Matthew J. Kellett

Website Architect and Developer

Wordpress Soap Authentication Plugin 1.0

Download the SOAP Authentication Plugin

This page contains an outline of the Wordpress Soap Authentication Plugin that I have recently developed. If you have any comments to make regarding this plugin please contact me or leave a comment below

Plugin Overview

Several large companies utilise an internal user management system, this plugin allows you to utilise this system to authenticate users with your Wordpress sites. There are several HTML based authentication scripts but there isn't one to use SOAP, hence why I wrote this one.

The Settings

When uploaded a menu will be added to the settings menu (or Super Admin menu if using WPMU) which allows the customisation of the plugin. This menu allows the full customisation of the SOAP Authentication plugin along with mappings for user details to ensure easier user integration.

The settings page is broken down into several aspect which are outlined below:

Webservice Settings

These are the main settings for the authentication script

  • WSDL Path - The path to the SOAP file that will handle the authentication
  • Auth Funciton - The function which will handle the authentication
  • Encryption Method - The encryption method for sending the password across the internet
  • Auth Repsonse Field - The field that contains the authorisation message
  • Expected Response - The expected response if a user is authenticated i.e. yes / 1/ true
  • Response Message - The field which contains a message if authentication fails
  • Port Number - An override for the port number if different than 80

Field Mappings

These are the user mappings from the response to the WP database

  • Response User Section - The field which contains the main user data if not in the root response
  • First Name - The field which contains a users first name
  • Last Name - The field which contains a users first name
  • Display Name - The field which contains a users display name (defaults to username if blank)
  • Email - The field which contains a users email address
  • URL - The field which contains a users website URL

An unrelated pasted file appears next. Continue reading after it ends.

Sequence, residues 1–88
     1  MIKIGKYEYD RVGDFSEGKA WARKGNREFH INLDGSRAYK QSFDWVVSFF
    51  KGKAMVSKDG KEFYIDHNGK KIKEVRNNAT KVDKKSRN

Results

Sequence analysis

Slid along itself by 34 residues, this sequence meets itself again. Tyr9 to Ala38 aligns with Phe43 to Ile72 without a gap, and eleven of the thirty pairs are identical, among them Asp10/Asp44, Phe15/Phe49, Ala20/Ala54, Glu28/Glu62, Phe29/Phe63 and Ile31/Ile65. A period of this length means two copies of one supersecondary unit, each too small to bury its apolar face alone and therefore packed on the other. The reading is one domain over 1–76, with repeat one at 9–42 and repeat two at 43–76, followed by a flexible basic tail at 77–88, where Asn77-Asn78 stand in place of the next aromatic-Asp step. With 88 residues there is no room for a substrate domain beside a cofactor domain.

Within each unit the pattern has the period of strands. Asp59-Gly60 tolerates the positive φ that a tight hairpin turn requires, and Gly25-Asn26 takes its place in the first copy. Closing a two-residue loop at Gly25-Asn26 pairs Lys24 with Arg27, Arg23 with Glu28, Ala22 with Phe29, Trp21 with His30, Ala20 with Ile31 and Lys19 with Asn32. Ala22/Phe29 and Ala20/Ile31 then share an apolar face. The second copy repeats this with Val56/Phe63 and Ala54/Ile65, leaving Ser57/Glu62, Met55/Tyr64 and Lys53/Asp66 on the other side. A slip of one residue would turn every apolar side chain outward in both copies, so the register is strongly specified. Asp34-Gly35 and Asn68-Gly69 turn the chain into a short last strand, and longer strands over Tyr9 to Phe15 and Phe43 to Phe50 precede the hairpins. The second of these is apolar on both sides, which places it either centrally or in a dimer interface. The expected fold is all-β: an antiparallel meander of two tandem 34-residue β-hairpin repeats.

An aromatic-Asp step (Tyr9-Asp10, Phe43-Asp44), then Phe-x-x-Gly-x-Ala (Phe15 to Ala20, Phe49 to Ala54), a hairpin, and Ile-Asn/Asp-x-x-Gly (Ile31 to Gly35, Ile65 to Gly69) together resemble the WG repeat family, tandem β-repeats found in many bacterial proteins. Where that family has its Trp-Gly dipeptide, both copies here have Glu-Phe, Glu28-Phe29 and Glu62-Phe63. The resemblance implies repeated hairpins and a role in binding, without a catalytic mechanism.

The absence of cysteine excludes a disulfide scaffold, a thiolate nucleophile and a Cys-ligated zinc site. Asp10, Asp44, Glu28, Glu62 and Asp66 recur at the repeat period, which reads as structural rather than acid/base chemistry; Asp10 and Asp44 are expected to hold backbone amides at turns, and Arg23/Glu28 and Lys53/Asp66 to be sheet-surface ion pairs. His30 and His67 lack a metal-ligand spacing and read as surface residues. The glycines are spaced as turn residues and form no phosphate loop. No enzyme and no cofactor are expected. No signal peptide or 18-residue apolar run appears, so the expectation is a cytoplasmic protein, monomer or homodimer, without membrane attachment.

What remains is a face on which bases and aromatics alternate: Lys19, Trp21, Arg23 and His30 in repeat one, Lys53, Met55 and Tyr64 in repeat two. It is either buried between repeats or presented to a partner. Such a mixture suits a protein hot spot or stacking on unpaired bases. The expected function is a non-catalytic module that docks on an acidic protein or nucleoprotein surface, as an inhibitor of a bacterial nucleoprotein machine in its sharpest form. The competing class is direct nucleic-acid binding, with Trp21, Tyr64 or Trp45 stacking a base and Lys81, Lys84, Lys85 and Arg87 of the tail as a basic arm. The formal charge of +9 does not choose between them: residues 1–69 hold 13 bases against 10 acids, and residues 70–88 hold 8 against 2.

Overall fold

Role Mappings

These are the user mappings from the response to the WP database

  • Response Role Field - The field which contains the user role for mappings purposes
  • The Roles - The roles which are currently set up within WP installation are listed here, you can then assign a users role to a specific WP role
  • Super Admin - If WPMU is installed then an extra option will appear to map users to Super Administrators

Custom Messages

This section allows you to specify messages throughout the system (including HTML)

  • Message for Login - The message which appears on the login screen to inform users about the login

Manual Configs

There are a couple of sections which need to be manually edited before using the plugin (until options are built). These are as follows:

  • Help Tip Image Path - admin.js:5 - At the top of the file there is a path which may or not need updating to the correct path of the plugin (defaults to root path: "/wp-content/plugins/soap-auth/images/help.png"
  • Auth Call - soap_auth.php:331 - This is the call to the main authentication, add additional parameters to this line i.e. system identifiers


There have been no recent changes

Future Changes

There are a couple of additional settings that I am working on at the moment including additional paramaters for the authentication call i.e. system identifier

Download the SOAP Authentication Plugin


  • Settings Page


    This screenshot shows the settings page for the plugin. The page includes JavaScript based tooltips to guide you through each of the settings.

  • Login Page


    This screenshot shows the message entered into the settings page for informaing users about the authentication process.


Please backup every file that you intend to modify. If the modification modifies the database, it's a good idea to backup your database before doing so.

Note: If you need official support, you'll need to restore the unmodified files.


this module is doing all the think or is a bridge between a function to auth from inside the wp and an outside call?

Written by Fujy on 10th November 2010

Hi Matt,

We are trying to get WordPress SOAP authentication up and running. I made a pretty simple WCF service with an authentication method that grabs the username and password and runs it against an internal website to check that it works. I have it return a User class which consists of some fields like FirstName, LastName and user_authenticated (which if the username and password is correct is set to "yes"). Is this the right type of response that the plugin is looking for? It keeps giving me an incorrect username error.

Written by Matthew Arkin on 31st January 2011

Hi Matt, got a bit of a strange problem. I've downloaded the plugin and activated in Wordpress. For some reason, this breaks the dropdown functionality in the Wordpress left hand nav menus, and it's not possible to switch between the visual and HTML screens/view. Commenting out line 519 in soap_auth.php fixes the problem (but then removes the "SOAP Authentication" option from the left hand nav). Any suggestions?